1. Research is not good because it is true, but because it is interesting.
Interesting research doesn’t just restate what is already known. It creates or explores new territory. Don’t just read and believe existing dogma.
Question it. Then devise a way to see if it’s really true.
2. Good research is innovative.
Some of the best ideas come from combining ideas from various disciplines.
Some of the best research ideas are derived from applying concepts from totally unrelated fields to your own.
That’s why I read so many journals, blogs, and newsfeeds from many different fields. And even if you are not doing the research, a broad background can help you sort out and gain perspective as you read the works of others.
3. Good research is useful.
Yes, basic bench level research can potentially be helpful in understanding all the nuances of a particular biochemical or disease process.But a lot of the time, it just demonstrates relatively unimportant chemical or biological reactions. And only a very small number actually contribute to the big picture. For most of us working at a macro level, research that could actually change our practice or policies is really what we need.
4. The best research should be empirically derived.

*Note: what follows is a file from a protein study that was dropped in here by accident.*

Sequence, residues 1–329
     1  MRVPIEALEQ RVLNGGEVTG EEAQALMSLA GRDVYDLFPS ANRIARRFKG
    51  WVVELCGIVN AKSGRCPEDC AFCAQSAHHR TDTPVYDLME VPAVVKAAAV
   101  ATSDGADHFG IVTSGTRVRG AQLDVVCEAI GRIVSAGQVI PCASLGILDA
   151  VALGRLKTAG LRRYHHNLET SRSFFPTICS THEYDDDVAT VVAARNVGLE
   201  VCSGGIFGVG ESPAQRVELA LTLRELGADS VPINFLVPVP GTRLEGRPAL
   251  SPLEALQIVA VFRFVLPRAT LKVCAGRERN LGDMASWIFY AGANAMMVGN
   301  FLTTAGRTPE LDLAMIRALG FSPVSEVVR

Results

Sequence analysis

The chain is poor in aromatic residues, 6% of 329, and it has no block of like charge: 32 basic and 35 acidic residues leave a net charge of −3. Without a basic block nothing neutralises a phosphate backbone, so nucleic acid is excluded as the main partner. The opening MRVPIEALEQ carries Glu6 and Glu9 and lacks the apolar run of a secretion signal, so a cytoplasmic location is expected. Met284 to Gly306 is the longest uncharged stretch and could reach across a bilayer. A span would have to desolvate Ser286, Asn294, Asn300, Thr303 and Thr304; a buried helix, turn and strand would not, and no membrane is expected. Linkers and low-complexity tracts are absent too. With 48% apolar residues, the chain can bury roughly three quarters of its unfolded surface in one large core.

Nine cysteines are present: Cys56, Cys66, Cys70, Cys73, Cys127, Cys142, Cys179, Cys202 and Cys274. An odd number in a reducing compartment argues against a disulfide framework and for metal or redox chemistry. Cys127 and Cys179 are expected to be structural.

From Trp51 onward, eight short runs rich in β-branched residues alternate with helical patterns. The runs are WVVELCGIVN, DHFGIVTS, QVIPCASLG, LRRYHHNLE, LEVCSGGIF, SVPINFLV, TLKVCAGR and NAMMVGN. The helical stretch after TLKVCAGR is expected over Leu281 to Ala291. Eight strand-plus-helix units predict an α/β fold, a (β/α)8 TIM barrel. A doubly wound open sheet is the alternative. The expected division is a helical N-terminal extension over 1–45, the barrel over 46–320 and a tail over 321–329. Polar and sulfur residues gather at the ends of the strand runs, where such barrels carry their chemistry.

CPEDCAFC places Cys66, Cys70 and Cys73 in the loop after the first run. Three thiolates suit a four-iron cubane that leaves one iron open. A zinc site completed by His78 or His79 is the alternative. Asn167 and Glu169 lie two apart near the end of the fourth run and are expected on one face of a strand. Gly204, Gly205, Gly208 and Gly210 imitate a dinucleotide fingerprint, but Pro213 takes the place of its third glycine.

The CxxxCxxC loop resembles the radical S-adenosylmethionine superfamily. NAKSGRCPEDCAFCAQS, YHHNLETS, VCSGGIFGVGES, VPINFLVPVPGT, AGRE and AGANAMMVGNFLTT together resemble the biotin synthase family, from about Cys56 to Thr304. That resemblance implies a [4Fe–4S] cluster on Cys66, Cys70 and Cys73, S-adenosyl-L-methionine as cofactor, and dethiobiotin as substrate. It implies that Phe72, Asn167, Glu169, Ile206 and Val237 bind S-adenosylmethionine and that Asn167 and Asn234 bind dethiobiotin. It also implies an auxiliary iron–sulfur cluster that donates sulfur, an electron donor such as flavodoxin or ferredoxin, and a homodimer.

It shouldn’t rely on complicated statistical models. If it does, it means that the effect being measured is very subtle, and potentially not clinically significant. There is a big difference between statistical and clinical relevance.
Reference: If You Can’t Answer “Yes” To These 5 Questions, Your Research Is Rubbish. Garrett Stone. Click here to view on Manager Mint.
This is a perfect example of why you cannot just simply read an abstract. And in this case, you can’t just read the paper, either. You’ve got to critically think about it and see if the conclusions are reasonable. And if they are not, then you need to go back and try to figure out why it isn’t.
A study was recently published regarding bleeding after nonoperative management of splenic injury. The authors have been performing an early followup CT within 48 hours of admission for more than 12 years(!). They wrote this paper comparing their recent experience with a time interval before they implemented the practice.
Here are the factoids. Pay attention closely:
- 773 adult patients were retrospectively studied from 1995 to 2012
- Of 157 studied from 1995 to 1999, 83 (53%) were stable and treated nonoperatively. Ten failed, and all the rest underwent repeat CT after 7 days.
- After a “sentinel delayed splenic rupture event”, the protocol was revised, and a repeat CT was performed in all patients at 48 hours. Pseudoaneurysm or extravasation initially or after repeat scan prompted a trip to interventional radiology.